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 1which suggests precisely the opposite when the time comes.
 2 Q. [Mr Rampton]     You go on about people faking their tattoos, in effect
 3Mrs Altmann's tattoo is a fake, is it not?
 4 A. [Mr Irving]     On the contrary, I said that she no doubt suffered.
 5 Q. [Mr Rampton]     No. I will take you to the passage. We cannot leave that
 6answer where it is, I am afraid. What page is it in the
 8 A. [Mr Irving]     You have to remember I have had the benefit of seeing Mrs
 9Altmann in action on television and you have not.
10 Q. [Mr Rampton]     Page 17, last quarter of the page. Tell me one thing.
11You are reporting in what one might think rather tasteless
12terms, that is your own word, your conversation with
13Mrs Altmann. Tell me one thing, and this is why I am
14going to get tasteless with her, because you have got to
15get tasteless. "Mrs Altmann, how much money have you made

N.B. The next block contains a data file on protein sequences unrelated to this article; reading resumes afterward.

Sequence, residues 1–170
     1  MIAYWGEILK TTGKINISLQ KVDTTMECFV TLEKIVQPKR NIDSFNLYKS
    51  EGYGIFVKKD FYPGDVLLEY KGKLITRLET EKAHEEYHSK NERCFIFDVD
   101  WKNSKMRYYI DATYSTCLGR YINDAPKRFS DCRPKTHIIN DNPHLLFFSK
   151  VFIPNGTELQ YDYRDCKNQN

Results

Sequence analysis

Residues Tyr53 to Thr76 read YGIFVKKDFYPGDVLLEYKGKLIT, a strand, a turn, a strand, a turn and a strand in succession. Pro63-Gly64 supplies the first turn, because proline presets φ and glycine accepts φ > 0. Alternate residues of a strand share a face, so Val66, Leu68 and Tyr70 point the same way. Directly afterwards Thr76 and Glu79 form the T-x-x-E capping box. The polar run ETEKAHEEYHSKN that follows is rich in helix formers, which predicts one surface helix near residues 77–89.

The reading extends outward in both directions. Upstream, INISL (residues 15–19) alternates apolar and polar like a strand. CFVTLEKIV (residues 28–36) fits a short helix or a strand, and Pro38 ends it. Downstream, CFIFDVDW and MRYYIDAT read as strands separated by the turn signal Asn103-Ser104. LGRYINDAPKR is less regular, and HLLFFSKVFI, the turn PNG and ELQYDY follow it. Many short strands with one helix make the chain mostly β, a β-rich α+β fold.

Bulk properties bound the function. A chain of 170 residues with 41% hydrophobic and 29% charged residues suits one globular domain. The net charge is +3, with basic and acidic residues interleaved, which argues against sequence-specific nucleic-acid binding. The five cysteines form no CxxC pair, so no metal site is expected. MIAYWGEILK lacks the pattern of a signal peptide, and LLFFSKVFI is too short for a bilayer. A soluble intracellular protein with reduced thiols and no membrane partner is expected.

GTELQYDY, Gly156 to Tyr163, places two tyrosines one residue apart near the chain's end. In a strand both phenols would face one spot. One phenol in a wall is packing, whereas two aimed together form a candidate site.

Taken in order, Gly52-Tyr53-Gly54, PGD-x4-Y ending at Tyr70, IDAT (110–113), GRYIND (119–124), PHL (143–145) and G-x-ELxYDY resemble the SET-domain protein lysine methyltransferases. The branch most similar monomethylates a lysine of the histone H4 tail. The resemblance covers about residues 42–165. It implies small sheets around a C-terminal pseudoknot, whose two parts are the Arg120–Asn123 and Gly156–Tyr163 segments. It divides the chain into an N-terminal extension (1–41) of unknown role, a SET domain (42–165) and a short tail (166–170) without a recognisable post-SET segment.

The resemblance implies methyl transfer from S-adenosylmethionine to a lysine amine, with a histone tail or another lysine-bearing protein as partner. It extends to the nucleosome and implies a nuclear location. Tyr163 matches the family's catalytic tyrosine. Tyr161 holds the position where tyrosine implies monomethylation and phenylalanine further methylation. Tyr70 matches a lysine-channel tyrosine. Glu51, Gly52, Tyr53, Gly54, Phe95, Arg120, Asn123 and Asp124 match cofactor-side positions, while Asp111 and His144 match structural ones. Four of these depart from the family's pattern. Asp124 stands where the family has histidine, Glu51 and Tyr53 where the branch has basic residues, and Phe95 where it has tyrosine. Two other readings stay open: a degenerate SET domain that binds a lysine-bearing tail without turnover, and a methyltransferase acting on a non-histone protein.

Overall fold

16out of that tattoo since 1945? Laughter again. Jolly
17funny. How much money have you coined for that bit of ink
18on your arm, which may indeed be real tattooed ink"?
19 A. [Mr Irving]     Yes.
20 Q. [Mr Rampton]     The suggestion is she has had it put on after the war.
21 A. [Mr Irving]     You can take that one either way. As a general matter, in
22my view, expressing a criticism of the way that a Jew or
23the Jewish people are behaving or acting cannot be taken
24per se as anti-Semitism. They are not a people or a race
25who are immune from criticism, am I right?